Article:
Asteroids are probably very rare at 400AU, otherwise a processor could check historical records for matching flashes of light where Planet 9 would emit single or multiple flashes ranging from 5 to 20 apparent magnitude, conforming to a characteristic signal of a 5-10 second rise, a 30 to 120 second constant brightness and a fade.

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    $\begingroup$ The last point would also be a good question, what is the collision rate in outer solar system. Thank you. I will wait a bit before accepting the answer, just in case other people want to weigh in. $\endgroup$
    – ksousa
    Commented Mar 17, 2021 at 13:17
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    $\begingroup$ One of the reasons the SL9 impacts were so bright is due to the fact that they were Bolides, generating tremendous gas compression heat on atmo entry, which gives luminous efficiency of $\eta=0.12E_0^{0.115}$, where $E_0$ is the optical energy measured in kilotons, according to arxiv.org/abs/1009.1824, First Earth-based Detection of a Superbolide on Jupiter. So we may have to assume that Planet 9 has some kind of atmosphere for aliental's excellent answer to hold. Without an atmosphere, we would expect less of the kinetic energy emitted as light and more as heat. $\endgroup$
    – Connor Garcia
    Commented Mar 17, 2021 at 16:00
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    $\begingroup$ Also, we might expect impactor velocity to roughly correspond with planetary surface escape velocity, as they did for SL9. Jupiter's surface escape velocity is about 60 km/s, Neptune's is around 24, and Earth's is around 11. If we ball-parked Planet 9's at around 20, then 1/3 the velocity, means we need 9 times the impactor mass to generate the same kinetic energy as SL9 since $k_e=1/2mv^2$. $\endgroup$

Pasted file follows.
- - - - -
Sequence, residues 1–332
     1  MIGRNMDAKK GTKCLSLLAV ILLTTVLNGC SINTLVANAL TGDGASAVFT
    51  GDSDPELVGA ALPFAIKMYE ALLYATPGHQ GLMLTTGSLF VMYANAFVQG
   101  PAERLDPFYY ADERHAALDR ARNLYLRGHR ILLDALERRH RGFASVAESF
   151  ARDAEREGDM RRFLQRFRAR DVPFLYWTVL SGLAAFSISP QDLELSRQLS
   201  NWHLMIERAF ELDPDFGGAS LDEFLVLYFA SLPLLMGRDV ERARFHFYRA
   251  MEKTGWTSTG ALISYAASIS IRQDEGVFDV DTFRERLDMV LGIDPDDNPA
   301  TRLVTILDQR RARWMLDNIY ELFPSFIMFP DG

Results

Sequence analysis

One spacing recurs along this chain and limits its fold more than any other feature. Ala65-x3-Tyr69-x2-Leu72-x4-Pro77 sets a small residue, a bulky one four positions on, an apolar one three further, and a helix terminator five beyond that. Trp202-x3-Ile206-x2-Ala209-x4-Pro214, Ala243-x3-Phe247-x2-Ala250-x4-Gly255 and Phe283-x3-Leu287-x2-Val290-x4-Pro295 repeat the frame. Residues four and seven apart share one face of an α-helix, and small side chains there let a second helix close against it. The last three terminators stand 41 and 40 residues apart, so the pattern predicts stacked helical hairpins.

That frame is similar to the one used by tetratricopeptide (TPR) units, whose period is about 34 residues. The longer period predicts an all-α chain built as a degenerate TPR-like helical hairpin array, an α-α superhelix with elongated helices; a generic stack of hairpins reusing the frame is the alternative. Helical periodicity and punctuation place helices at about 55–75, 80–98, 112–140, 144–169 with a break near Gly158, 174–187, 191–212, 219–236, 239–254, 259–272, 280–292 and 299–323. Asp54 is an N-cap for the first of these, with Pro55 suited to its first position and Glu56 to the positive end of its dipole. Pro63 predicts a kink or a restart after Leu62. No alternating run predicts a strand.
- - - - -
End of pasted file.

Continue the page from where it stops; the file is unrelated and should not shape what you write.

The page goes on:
– Connor Garcia
    Commented Mar 17, 2021 at 16:07
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    $\begingroup$ What makes this question (and answer) so interesting is the possibility of mining previously observed data to look for impacts on Planet 9. If we found some, perhaps that could help direct our search. Of course, there is still some argument if good statistical evidence for Planet 9 exists, see: astronomy.stackexchange.com/questions/41455/…. $\endgroup$
    – Connor Garcia
    Commented Mar 17, 2021 at 16:18
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    $\begingroup$ I noticed perhaps there is a mistake in this part: "Jupiter is 5 Astronomical Units away and Planet 9 is estimated at >400AU away, so an SL9 equivalent impact would be 100 times less bright than SL9 was on Jupiter...". Did you assume the brightness drop is inverse linear with distance? I think there will be a inverse square relation. $\endgroup$
    – ksousa
    Commented Mar 18, 2021 at 12:37